So there's a level of financial need that any set of teachings must fulfill. And yet, everyone who has something genuine to say about spirituality, even lowly bloggers like me, has an obligation to minimize as much as possible the financial dimension of all that. That obligation isn't just to those being taught, but to themselves, because they too will become corrupt if they don't minimize it as much as possible. One need only look at the record of Adidam to see how corrupting money can be to a spiritual teacher, his devotees, and the “movement” they are a part of, to confirm this principle.  

Unfortunately, not everyone who left Adidam learned this lesson. Saniel Bonder is another example of someone who left the finanical corruptions of Adidam only to create his own corrupt spiritual organization and “movement”, charging hundreds and thousands of dollars for dubious teachings about “waking down” enlightenment. These kinds of teachings only debase the genuine process of spiritual life, and turn it into a corrupt and deluding business enterprise. Terry Patten of course had a long history in Adidam, and Ken Wilber was involved with Adi Da from a distance for many years. Both either left or cut their ties at some point, and tried to separate from the corruptions of that organization, but both also seem to have bought into a false notion of what it means to be “inclusive”, or “integral”. Both seem to think that this means merging religion and business together into one :”seamless whole”, as if that would be a good thing for all, and make us more “holistic”.  

Well, news flash, it doesn't work that way. This is a false notion of what it means to be inclusive, integral, and “whole”. I have nothing against business, I've run various kinds of small businesses for much of my life, and there is nothing wrong with that. Business pursuits and the life of a householder are completely compatible with spiritual life, and always has been. But one must always remember that they are distinct domains of life, and simply are not to be mixed, and to the degree that they have to .be combined, it's always best to minimize that as much as possible. Keeping each pure and whole is not a way of creating a false conflict, it's a way of preserving the true nature of each. Nor is it at odds with openness to keep them distinct. Instead, it preserves their integrity, which is the real meaning of the word “integral”. Whatever conceptual notions one might have about the world, even if one tries to go by Wilber's AQAL four-quadrant system, it's simply a false and deluding notion to think that the principle of integralism means literal mixing together of all things into a giant soup. Integralism means respecting the integrity of all the areas of life, and not mixing incompatible elements.  

What I see when I look at these windows onto the Integral Movement, such as Wilber's marketing letter, is a corruption of not only the principles and concepts of integration, but of the individuals involved. Wilber's letter is a dithering document to the destructive power of commercialism, as are most of his recent writings. One can attribute these faults to more than just commercialism, and I don't want to try to figure out whether the chicken or the egg is to blame, but one can clearly see that they work against one another's interests. Wilber's own thinking has long been in decline, and almost in exact inverse proportion to his attempts to turn his philosophy into a commercial enterprise.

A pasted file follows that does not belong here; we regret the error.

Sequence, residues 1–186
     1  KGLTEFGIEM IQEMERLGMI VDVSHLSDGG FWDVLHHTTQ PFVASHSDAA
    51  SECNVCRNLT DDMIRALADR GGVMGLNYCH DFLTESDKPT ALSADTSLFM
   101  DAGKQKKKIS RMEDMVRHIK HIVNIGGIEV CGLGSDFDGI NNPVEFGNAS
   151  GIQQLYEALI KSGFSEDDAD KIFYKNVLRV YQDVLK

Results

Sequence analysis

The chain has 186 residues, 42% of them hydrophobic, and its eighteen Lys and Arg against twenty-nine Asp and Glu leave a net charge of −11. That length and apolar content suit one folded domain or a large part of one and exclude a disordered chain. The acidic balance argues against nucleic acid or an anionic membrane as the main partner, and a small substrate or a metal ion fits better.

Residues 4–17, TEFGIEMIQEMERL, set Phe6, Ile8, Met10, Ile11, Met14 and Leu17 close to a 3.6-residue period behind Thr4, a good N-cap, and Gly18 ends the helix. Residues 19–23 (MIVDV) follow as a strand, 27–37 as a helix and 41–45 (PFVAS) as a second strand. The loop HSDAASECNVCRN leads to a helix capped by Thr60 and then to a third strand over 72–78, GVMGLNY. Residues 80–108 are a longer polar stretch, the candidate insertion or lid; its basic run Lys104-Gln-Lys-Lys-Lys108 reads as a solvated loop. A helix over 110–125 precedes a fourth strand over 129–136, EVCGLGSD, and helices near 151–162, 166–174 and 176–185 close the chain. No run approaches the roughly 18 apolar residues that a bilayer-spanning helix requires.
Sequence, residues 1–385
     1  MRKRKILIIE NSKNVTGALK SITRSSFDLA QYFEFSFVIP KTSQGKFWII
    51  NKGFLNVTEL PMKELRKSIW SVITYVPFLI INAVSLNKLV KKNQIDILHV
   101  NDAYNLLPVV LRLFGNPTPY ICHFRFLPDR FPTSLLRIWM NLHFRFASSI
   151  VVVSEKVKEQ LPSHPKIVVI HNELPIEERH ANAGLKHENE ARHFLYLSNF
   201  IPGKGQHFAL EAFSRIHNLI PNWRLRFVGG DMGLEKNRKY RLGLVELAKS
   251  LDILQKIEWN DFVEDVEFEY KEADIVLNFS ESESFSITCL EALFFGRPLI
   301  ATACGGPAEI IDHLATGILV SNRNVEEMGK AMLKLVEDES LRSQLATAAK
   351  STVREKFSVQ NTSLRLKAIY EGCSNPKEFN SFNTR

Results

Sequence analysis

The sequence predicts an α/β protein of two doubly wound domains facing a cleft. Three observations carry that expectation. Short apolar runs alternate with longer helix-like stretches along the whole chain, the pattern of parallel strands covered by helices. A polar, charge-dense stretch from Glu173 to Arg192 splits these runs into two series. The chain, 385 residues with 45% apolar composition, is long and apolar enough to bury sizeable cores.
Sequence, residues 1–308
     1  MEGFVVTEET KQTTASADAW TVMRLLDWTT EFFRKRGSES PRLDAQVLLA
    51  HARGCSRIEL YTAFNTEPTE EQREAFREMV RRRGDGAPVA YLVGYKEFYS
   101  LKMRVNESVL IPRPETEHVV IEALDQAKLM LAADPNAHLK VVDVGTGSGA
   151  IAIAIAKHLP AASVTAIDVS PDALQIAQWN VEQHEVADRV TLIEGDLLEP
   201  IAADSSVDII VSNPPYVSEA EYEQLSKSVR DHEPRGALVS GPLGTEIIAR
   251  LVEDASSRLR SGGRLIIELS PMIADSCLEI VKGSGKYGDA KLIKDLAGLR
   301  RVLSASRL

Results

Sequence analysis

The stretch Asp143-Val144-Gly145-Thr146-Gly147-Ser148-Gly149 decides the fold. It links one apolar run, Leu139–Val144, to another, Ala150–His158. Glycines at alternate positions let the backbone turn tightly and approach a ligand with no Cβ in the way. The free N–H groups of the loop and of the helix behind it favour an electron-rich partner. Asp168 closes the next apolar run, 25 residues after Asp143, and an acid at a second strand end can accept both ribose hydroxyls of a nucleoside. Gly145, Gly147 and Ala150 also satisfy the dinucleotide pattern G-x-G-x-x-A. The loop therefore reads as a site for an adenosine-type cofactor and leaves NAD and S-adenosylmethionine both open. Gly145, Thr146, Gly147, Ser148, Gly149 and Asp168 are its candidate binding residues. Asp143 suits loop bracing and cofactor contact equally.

Genuine openness is not a form of naivete. It does not embrace everything without discrimination. Instead, it uses discrimination to keep separate the incompatible elements of life, those which might corrupt or corrode or work against each other. The very word “discrimination” means to separate. And that is not incompatible with “integration”, because it is essential to keep various elements of life separate from one another in order to integrate them properly. It's fine to integrate business and spirituality into one's life, but one does so by keeping them separate, by discriminating between them, and keeping each pure.  

And by the way, it's just as destructive to business pursuits when notions of spirituality are mixed in with them. I have a good friend from Adidam who experienced that first hand, when his multi-million dollar business was destroyed by those in Adidam who tried to take it over and run it according to “spiritual” principles, which it turned out were likewise corrupted in the process. It took him years to recover and restructure his business from scratch, and it's now doing gangbusters.  

I would say to the people who are trying to turn the Integral Movement into a business, why not just start an actual business, if you have those kinds of skills and inclinations, and leave your spiritual pursuits to themselves? Use the money you make in business to sponsor spiritual matters, so that they don't have to be corrupted by commercialization. Don't mix the two, but feel free to patronize your spiritual interests with your successful business enterprises. That's the way it has traditionally been done, and it works very well.  

Of course, the desire to cash in on one's spiritual seeking is often too great for many people to resist, both as purveyers and consumers of this kind of commercial tripe. And so, as Papaji said, the thieves all congregate together, which makes it somewhat easier to avoid. For anyone not involved in these sorts of endeavors, I'd recommend keeping a careful distance. For those who are involved, beware, and reflect on what is going on around you and within you.  


\m said...

I knew Terry Patten slightly and he was always nice to me. I think I was below his radar. I do know of several other people whose experience with him was similar to yours.

You neglected to mention that Terry was a Waking Down teacher for Sandy Bonder for a period of time, so give him the littlest bit of credit for having "left" Sandy. His apprenticeship days are apparently over.

Broken Yogi said...

It's not my intention to make a thorough evaluation of Terry Patten. I'm sure he has many good qualities. I'm just responding to this particular message of his, and the issues it raised. My personal comments were just gratuitous injections of a few memories that came up, and a general reaction to people who seem to me utterly unqualified to be spiritual teachers taking up that role. This would include Bonder and Wilber. I have a hard time understanding how they get away with it, frankly. It's egoic enough to write and offer one's viewpoint about spirituality, but to pretend to be a teacher just to rake in the bucks and adulation, seems a bit much to me. It's good that Terry left Saniel's farcical let's pretend world, but it seems he's just gone on to to join Wilber's version of the same game. An improvement? Not by much.